The brokerage firms who have agreed to participate in the pilot program are:

Ameriprise Financial Services Charles Schwab Chase Investment Services Citigroup Global Markets Edward Jones Fidelity Brokerage Services LPL Financial Merrill Lynch Morgan Stanley Smith Barney Oppenheimer Raymond James TD Ameritrade UBS Financial Services Wells Fargo Advisors / Wachovia Securities

At the University of San Francisco Law School’s Investor Justice Clinic, where I am an adjunct professor and supervising attorney, I am seeing a disproportionately large number of senior citizens who are victims of securities fraud and account mismanagement. The oldest client at the clinic is in her 90’s. Elderly clients and those who are seriously ill have unique needs that require swift justice.

The typical securities arbitration claim filed with the Financial Industry Regulatory Authority (FINRA) takes about 1.25 years to complete. Fortunately, investors who are 65 years or older or seriously ill can request an expedited hearing under a program that was established in June 2004. So far, 701 customers have participated in FINRA’s expedited program and, according to FINRA, their cases have been resolved 31% sooner.

For eligible cases, FINRA assures investors that its staff will administer the hearing in an expeditious manner. This program is not specifically covered in the arbitration rules; however, FINRA has amended the Arbitrator’s Reference Guide to remind the arbitrators that they should avoid unnecessary postponements or do anything to delay the proceedings. In my experience, the program has been helpful but the expedited procedures should be included in the arbitration code. As it now stands, the burden rests on the investor’s attorney to insist on getting the earliest possible hearing dates while allowing enough time to adequately prepare the case.

Today, anyone with a website can tout themselves as a “California securities arbitration lawyer” or “California securities fraud lawyer” even though the attorney or law firm does not actually have an office located in California. The World Wide Web’s lack of oversight creates an environment where attorneys–and non-attorneys–are able to circumvent California laws that were designed to prevent deceptive legal advertising.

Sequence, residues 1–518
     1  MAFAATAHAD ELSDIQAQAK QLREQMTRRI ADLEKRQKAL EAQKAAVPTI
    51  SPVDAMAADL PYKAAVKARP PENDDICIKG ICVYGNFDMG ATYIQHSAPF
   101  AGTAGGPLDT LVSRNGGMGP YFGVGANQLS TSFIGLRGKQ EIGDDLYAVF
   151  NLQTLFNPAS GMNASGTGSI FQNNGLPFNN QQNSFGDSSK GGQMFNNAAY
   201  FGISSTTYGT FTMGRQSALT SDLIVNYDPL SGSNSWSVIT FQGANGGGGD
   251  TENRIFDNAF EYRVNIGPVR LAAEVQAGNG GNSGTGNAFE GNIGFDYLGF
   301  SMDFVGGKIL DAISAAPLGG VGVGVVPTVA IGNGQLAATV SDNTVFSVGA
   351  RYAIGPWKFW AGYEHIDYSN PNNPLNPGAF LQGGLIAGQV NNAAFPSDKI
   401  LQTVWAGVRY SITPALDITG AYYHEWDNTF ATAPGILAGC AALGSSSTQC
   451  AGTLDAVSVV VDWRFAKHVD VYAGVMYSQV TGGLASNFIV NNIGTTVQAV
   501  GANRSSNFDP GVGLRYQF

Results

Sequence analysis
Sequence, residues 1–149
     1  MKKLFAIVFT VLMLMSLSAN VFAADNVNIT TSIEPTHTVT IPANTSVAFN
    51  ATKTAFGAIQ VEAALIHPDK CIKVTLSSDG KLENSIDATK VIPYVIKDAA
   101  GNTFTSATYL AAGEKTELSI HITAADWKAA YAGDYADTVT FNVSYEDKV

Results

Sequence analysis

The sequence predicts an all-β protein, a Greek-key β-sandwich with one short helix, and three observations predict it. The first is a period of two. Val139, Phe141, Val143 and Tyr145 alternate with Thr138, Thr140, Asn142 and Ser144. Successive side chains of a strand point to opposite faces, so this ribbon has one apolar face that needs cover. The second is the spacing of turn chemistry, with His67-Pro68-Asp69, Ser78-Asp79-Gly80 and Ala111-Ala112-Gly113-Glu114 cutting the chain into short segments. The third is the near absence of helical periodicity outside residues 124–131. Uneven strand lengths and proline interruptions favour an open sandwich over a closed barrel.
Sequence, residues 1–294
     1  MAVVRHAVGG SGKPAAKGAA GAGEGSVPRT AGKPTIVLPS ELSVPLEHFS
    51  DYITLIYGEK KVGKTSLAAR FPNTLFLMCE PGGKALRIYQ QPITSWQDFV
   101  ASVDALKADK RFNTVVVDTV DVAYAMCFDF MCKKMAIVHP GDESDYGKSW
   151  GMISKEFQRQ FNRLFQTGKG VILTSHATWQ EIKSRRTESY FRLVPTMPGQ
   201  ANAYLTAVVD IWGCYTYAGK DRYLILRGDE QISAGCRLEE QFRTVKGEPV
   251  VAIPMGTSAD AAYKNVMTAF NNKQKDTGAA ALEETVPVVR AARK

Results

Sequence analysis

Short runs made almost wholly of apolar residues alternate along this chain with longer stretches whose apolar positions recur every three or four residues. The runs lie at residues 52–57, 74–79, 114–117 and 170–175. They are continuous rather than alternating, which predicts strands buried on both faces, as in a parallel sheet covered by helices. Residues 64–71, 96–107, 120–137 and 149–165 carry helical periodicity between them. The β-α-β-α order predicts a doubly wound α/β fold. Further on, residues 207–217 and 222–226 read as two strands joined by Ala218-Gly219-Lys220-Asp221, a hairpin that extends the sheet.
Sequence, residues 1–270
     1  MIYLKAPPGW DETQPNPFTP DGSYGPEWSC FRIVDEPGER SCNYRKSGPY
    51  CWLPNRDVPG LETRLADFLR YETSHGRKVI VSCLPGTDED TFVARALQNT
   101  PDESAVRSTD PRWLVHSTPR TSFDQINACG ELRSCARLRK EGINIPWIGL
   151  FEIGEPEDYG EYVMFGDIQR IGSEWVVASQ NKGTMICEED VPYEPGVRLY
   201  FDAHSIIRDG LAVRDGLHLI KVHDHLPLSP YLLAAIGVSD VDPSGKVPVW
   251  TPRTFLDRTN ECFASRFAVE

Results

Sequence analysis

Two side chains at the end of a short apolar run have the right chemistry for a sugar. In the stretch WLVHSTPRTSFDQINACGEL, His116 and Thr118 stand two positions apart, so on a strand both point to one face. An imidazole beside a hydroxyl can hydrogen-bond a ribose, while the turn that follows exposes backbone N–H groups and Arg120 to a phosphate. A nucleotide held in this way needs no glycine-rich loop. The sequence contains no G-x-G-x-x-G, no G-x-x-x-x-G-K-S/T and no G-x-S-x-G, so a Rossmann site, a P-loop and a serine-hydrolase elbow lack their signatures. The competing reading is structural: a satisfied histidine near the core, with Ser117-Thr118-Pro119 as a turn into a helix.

calif-flag.jpgSearching for a securities arbitration attorney is not the same as shopping online for the best deal on a GPS device. Most clients would be better severed by dealing with an attorney that knows the local rules and customs and has an office nearby where they can meet face-to-face. Securities arbitration before the Financial Industry Regulatory Authority (FINRA) is serious business. As any lawyer that regularly handles arbitration cases in San Francisco can attest, the local arbitrators are sometimes hard to please. Currently, I am acting as local counsel for out-of-state attorneys who have California clients with arbitration claims. When handled properly, this type of arrangement works out well for everyone involved.

California does not allow out-of-state attorneys to represent clients in securities arbitration proceedings within the state. California Code of Civil Procedure Section 1282.4, requires non-California lawyers to associate with a California attorney who will serve as the attorney of record. Section 1282.4 was enacted in January 2007 in response to Birbrower, Montalbano, Condon & Frank v. Superior Court, 17 Cal. 4th 119 (1998), which held that non-California attorneys who appear in California arbitration proceedings are engaged in the unauthorized practice of law.

The Financial Industry Regulatory Authority (FINRA) was established in July 2007 when the National Association of Securities Dealers (NASD) and the New York Stock Exchange (NYSE) were consolidated. FINRA is responsible for overseeing regulation and compliance of more than 4,800 brokerage firms and nearly 650,000 stockbrokers.

FINRA’s Investor Complaint Program

FINRA’s Investor Complaint Program investigates complaints against brokerage firms and their employees. Where appropriate, FINRA will take disciplinary action against brokers. Sanctions can include fines, suspensions and disbarment from the securities industry. FINRA’s Investor Complaint Program is a disciplinary program that is separate from FINRA’s Dispute Resolution Division. Whenever a disciplinary investigation is started, FINRA often sends investors a standard letter with the following disclaimer:

large_san_fransico.jpgHere are the results from my analysis of securities arbitration awards made in San Francisco, California, during the first half of 2009 before the Financial Industry Regulatory Authority (FINRA). The claimants that did the worst were the ones who handled their own cases on a pro se basis. Pro se is Latin for “on one’s own behalf.” I could find only one instance where a pro se claimant recovered anything at all during the first half of 2009. In that case, the claimant, who was asking for $37,500 in damages, was awarded a mere $792.

Excluding pro se cases, claimants who went to hearing before San Francisco arbitrators in the first half of 2009 with an attorney prevailed 37.5% of the time. This is well below the national average reported by FINRA. According to FINRA, claimants received favorable awards in 47% of all arbitration hearings held during the first half of 2009.

Another telling statistic is the amount recovered by claimants who did win. After weeding out claims with questionable or uncertain damage claims, I found that claimants who won in San Francisco received awards that averaged 59% of their claimed damages during the first half of 2009. Choosing the right arbitrators can have a large impact on the outcome of a case. In reviewing awards, I notice that some San Francisco arbitrators who sat on multiple cases consistently ruled against claimants.